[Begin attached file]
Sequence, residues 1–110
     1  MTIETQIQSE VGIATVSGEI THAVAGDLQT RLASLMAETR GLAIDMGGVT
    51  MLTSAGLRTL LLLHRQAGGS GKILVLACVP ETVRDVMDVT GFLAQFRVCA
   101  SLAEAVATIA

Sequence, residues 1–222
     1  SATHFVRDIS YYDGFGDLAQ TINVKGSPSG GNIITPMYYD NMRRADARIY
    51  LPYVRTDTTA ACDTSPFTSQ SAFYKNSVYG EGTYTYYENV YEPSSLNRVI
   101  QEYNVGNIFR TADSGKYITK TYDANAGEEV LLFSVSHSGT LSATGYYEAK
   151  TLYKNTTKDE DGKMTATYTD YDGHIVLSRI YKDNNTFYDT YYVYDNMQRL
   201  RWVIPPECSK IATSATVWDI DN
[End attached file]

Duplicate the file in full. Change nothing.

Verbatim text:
Sequence, residues 1–110
     1  MTIETQIQSE VGIATVSGEI THAVAGDLQT RLASLMAETR GLAIDMGGVT
    51  MLTSAGLRTL LLLHRQAGGS GKILVLACVP ETVRDVMDVT GFLAQFRVCA
   101  SLAEAVATIA

Sequence, residues 1–222
     1  SATHFVRDIS YYDGFGDLAQ TINVKGSPSG GNIITPMYYD NMRRADARIY
    51  LPYVRTDTTA ACDTSPFTSQ SAFYKNSVYG EGTYTYYENV YEPSSLNRVI
   101  QEYNVGNIFR TADSGKYITK TYDANAGEEV LLFSVSHSGT LSATGYYEAK
   151  TLYKNTTKDE DGKMTATYTD YDGHIVLSRI YKDNNTFYDT YYVYDNMQRL
   201  RWVIPPECSK IATSATVWDI DN